110114 Phish, Las Vegas, NV

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On November 1st, 2014 I awoke with a bit of a fuzzy head.  Sure I had gotten a little tipsy at Phish’s Hallowe’en show the night before, but really, isn’t every morning a little fuzzy when you wake up in Las Vegas?

(If you answered “no” to the previous question – which was meant to be rhetorical – then one of us ain’t doin’ Vegas right.)

Perhaps especially when you’re staying at The Flamingo (or as I typoed it once and have since and will forever call it: The Flaming O).  Why?  Because the Flaming O is kitschy, it’s classic, and it’s cheap, and as a result it attracts a fuzzier clientele than does, say, the Bellagio or The Venetian.  Take, for example, yours truly from just a few nights previous.  We had just checked in after a long day of airplaning and enjoyed a relaxing nightcap in our room – which was situated about thirty-seven acres from the nearest bank of elevators, which were themselves at least twenty-nine leagues from the front desk, to which I had to return twice upon arrival because the key kept not unlocking the freakin’ door – when I decided to spend an hour raking it in at the tables downstairs.

And I did quite well.  So well in fact that I found I couldn’t leave the roulette table. Not when my chips stacked so high I could barely reach over them, not when the free-drinks ladies started calling me by name, not when my pile started diminishing at a steady and rapid rate, not when my dashes to the bathroom started coming with every spin, not even when in a fit of frustration I placed just one, single bet on the table, $10 on number 9, and lo, the little pea popped right into the #9 slot.  No friends, I was fuzzy enough to sit at that table until I lost everything I had won and even the $100 I had started with (and maybe a wee bit more – I remain fuzzy on the actual figure).  Had I left the table at exactly the right time I could have come back to the room and crawled into that king-sized coconut-scented bed with enough money sitting on the nightstand to pay for our entire trip, but of course I didn’t.  Instead I arrived back at the room shocked to discover that not only was it daylight, but m’lady was awake, showered, and ready to meet some friends for brunch.  I did my morning calisthenics and we got out of there.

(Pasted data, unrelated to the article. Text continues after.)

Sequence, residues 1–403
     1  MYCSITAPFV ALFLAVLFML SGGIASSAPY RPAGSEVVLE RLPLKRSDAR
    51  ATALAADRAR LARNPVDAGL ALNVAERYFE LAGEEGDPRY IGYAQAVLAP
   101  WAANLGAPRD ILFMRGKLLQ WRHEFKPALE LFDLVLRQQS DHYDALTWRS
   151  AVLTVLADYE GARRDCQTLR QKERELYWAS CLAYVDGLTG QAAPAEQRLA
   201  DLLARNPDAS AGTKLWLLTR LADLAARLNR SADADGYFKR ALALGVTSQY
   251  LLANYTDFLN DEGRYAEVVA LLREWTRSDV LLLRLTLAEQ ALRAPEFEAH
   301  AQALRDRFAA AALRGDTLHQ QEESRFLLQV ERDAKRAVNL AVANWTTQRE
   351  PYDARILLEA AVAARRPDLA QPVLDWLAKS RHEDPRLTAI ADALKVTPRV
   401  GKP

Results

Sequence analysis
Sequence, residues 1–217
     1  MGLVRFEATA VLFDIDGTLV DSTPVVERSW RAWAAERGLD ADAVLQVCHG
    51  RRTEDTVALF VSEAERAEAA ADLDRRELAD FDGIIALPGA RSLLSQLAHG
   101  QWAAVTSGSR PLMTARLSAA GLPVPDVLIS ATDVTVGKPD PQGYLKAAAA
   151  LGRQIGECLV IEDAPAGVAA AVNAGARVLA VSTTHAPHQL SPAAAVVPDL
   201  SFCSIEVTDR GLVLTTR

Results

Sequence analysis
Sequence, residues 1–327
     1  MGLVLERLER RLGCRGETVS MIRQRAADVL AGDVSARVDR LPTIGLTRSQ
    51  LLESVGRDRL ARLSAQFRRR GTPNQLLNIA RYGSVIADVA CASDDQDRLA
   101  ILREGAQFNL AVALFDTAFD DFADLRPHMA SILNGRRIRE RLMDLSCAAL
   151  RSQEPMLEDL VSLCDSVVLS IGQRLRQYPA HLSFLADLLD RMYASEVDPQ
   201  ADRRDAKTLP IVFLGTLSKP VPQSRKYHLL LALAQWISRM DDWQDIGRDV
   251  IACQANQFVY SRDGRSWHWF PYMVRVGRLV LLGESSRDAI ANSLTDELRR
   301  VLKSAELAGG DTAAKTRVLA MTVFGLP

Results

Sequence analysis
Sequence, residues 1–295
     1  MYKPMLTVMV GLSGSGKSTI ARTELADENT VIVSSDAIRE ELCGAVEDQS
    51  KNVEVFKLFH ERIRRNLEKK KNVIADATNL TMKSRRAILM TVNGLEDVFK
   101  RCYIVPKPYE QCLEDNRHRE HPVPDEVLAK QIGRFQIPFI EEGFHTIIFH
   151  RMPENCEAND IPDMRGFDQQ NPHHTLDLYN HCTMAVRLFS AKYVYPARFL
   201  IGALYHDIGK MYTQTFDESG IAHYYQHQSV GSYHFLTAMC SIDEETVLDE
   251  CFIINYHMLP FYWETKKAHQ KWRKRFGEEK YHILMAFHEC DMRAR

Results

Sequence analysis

And so, it is with admitted – nay, professed – fuzziness that I report that Phish delivered a solid middle-night show at the MGM Grand arena that evening (not the evening of my gradual roulette fiasco, but the evening that I am ostensibly writing about: November 1st).  The first set was a rock and roll sandwich bunned by Fuego at the front and Wingsuit at the back, a clear nod to the previous year’s Hallowe’en show, a concert that premiered Phish’s new album Wingsuit, which was renamed Fuego when it was officially released.  

The second set was even better.  At one point the keyboardist played a few samples from the Chilling, Thrilling Disney album they had jammed along to during their musical costume the night before, snippets that were met with roars from the crowd.  The writing was already on the wall, and Phish knows which side of the bread they are buttered on.  The band would go on to play the heck out of Chilling, Thrilling tracks at their future shows, consistently to the ecstatic joy of approximately 95% of their fans (myself included) and the head-shaking chagrin of the other 10%.

And while my figures may be a little fuzzy and a lot made up, they are utterly consistent with the rest of this ticket story and, frankly, these write ups on-the-whole.

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